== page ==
Wood Flooring – Not For Kitchens?

engineered wood flooring in kitchen with chairs and central island

There two main reasons why people suggest wood flooring is not for kitchens. The first is moisture. Obviously there is a lot of moisture in the kitchen. Moisture may cause wood to swell if it absorbs water. When drying wood contracts and may warp.

Secondly the kitchen is a high traffic utility room. People tend to stand and walk around the cooker and sink where their shoes can often cause scuff marks.

Kitchen floors are faced with spills of all kinds and the occasional drop of a dish or utensil while cooking. If you prefer a pristine or highly polished look, maybe steer away from wood floors in your kitchen. On the other hand, if you prefer a home that celebrates a relaxed, casual environment, any dings and dents wood kitchen flooring might take on over time can play up the charm of a well-loved and oft-used kitchen. 

What Is The Best Wood Flooring For A Kitchen Floor?

The main decision you will be faced with when looking at the different wood flooring types for kitchens will be whether to opt for a solid wood or an engineered wood floor.  Most experts agree that engineered flooring wins hands down in this particular room thanks to its enhanced structural stability. Engineered wood offers the best stability, due to its multi-layered construction. Even when temperature and humidity vary with seasons or household activities, the floor will experience only minimal expansion and contraction when compared to solid wood floors. This makes engineered wood one of the most durable flooring types available.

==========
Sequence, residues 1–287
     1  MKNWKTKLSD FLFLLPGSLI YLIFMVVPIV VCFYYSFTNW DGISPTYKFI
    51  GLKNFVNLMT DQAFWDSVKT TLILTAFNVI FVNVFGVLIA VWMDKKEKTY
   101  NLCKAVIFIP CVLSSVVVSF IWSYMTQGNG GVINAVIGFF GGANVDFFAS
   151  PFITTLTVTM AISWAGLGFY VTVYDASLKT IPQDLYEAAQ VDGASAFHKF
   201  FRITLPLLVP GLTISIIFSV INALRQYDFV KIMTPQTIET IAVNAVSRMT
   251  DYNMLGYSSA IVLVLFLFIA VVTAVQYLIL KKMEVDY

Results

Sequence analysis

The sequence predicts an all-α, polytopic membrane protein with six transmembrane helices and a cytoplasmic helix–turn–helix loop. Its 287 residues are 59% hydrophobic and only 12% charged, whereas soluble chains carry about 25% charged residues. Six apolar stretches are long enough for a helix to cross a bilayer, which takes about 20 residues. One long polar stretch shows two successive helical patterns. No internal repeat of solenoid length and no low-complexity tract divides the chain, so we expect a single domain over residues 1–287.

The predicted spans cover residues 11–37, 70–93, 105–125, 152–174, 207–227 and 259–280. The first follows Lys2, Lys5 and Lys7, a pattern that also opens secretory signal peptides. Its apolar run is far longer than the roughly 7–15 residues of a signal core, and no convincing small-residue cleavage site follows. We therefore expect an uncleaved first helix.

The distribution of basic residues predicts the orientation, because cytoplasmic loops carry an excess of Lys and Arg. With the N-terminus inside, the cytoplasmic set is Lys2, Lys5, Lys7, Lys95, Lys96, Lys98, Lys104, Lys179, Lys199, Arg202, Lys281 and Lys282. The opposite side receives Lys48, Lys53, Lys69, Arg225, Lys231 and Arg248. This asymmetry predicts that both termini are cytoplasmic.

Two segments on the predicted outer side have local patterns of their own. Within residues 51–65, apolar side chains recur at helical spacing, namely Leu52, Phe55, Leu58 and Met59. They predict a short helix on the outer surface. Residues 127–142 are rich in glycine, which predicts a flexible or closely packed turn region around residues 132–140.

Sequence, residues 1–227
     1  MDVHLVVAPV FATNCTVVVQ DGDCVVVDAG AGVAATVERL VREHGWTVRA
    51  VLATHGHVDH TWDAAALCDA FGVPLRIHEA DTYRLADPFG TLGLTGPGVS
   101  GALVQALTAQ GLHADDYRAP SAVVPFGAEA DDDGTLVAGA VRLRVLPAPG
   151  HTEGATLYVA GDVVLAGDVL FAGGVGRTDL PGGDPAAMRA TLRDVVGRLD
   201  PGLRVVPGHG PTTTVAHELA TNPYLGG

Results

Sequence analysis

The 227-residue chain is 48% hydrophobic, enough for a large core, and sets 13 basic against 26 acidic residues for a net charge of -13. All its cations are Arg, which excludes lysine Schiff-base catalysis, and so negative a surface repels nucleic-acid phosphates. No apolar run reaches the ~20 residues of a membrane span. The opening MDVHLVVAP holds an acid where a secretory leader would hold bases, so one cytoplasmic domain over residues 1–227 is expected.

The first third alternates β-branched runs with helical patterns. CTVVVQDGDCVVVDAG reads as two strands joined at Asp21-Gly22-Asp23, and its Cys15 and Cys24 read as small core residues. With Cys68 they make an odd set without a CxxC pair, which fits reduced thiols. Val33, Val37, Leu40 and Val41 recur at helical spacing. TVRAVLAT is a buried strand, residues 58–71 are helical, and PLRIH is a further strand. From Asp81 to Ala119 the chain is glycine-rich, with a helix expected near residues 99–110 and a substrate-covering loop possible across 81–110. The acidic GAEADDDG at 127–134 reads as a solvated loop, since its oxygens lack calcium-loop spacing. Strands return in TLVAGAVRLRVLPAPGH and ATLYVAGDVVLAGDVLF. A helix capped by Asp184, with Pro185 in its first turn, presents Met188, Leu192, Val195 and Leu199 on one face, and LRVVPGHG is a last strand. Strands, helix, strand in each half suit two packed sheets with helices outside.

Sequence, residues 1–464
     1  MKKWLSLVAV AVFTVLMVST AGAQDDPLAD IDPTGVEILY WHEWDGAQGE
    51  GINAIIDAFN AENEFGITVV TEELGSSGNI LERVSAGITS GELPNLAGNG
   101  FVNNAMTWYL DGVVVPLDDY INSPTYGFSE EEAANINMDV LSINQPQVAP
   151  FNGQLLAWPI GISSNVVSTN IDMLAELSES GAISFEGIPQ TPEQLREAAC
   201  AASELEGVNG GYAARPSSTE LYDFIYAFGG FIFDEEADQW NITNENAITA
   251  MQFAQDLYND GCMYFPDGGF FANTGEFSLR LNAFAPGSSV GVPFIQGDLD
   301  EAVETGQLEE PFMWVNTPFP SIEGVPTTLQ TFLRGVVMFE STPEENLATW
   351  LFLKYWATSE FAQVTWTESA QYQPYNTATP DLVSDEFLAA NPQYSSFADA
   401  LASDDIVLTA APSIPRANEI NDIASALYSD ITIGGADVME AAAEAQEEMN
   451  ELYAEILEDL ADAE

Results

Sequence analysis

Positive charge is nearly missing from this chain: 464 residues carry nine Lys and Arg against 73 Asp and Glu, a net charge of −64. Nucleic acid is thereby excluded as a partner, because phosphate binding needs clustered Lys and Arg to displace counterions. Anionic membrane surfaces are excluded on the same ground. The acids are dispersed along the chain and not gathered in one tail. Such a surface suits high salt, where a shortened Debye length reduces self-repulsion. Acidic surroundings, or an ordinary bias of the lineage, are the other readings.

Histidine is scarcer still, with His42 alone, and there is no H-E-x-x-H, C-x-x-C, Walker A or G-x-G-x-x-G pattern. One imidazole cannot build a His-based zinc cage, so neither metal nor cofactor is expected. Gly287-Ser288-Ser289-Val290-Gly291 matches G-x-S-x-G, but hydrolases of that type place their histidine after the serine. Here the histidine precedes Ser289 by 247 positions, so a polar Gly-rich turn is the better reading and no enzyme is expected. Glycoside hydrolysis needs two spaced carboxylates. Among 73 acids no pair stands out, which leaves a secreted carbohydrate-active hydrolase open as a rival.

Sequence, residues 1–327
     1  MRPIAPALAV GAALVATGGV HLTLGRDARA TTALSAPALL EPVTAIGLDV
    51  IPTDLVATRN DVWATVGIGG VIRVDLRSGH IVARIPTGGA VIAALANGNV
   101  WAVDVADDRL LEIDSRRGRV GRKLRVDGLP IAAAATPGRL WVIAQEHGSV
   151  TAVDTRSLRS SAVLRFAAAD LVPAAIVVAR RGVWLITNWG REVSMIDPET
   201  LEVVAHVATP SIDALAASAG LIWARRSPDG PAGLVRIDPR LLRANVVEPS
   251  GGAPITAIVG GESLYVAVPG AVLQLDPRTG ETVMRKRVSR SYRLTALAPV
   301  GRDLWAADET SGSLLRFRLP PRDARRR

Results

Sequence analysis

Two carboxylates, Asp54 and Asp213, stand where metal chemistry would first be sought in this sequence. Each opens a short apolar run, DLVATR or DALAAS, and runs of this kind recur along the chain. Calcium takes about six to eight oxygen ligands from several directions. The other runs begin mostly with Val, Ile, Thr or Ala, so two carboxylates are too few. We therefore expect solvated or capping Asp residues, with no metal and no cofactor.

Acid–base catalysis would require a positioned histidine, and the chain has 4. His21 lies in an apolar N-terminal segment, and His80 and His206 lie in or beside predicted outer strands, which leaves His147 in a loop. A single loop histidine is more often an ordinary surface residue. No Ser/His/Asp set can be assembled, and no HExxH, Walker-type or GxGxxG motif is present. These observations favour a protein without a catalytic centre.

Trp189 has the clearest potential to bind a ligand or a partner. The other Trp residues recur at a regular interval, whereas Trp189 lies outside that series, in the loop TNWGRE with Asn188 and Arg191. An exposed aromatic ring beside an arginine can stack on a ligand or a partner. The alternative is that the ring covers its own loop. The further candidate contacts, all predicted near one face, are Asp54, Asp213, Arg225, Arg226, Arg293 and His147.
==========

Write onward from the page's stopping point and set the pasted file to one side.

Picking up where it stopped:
Certain species of timber are a better choice for kitchen flooring than others. Hardwoods, such as oak, ash and Elm are far more resistant to the knocks and bumps that occur during everyday life in this busy space than softwoods.

Disadvantages Of wood Flooring In A Kitchen

Traditional kitchen flooring such as linoleum and floor tiles can be cleaning quickly with a broom to sweep away dust and dirt and then a good mopping. However, you do not want to use a mop to clean a wood kitchen floor. Amounts of water associated with this process will undoubtedly cause damage to the structural integrity of the material in a very short time.

Using the correct wood flooring cleaning product like Osmo intensive cleaner by following the instructions you will considerably extend the lifespan of your floor.

How To Seal Wood Flooring In A Kitchen

Finally, you need to seal the surface using a high-quality polyurethane or varnish. Apply the sealant using a clean paintbrush, making sure to follow the manufacturer’s instructions. Allow the sealant to dry completely before walking on the surface or replacing furniture.

PolyurethaneThis offers the most protection from foot traffic and moisture. It is available as both a water based and an oil based product and has a plastic-like look.

Varnish/lacquer – a lacquered surface is extremely durable and is easier to clean. Lacquer also reflects more light, so may be ideal for smaller or darker rooms. You may opt for a matt lacquer surface which will give a more resilient finish. You may choose natural or a colour here are lots of shades to compliment your decor.

Oiled – an oiled floor can bring out the natural grain and colour of the floor, which you may prefer even though it will require more maintenance in the form of the regular reapplication of the oil finish. This gives you the widest choice of finishes from matt through to very high sheen and gloss. This finish will darken over time and exposure to the air. A very durable surface is achieved with a high gloss finish.

In Conclusion 

Wood flooring may not seem like the obvious look for your kitchen. However, home-style and interior decorating doesn’t always have to go down the most popular and well used routes. If you believe that your home will look and feel better with a wood floor it’s your levels of commitment and hard work that will keep it in good condition for the coming years.

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About the author

Ben Sutton has established himself as independent hardwood timber merchant and supplier with a solid reputation built up over the last 20 years. He is committed to providing a bespoke and professional service to his clients at all times, whilst maintaining the highest quality product. Follow Ben on LinkedIn.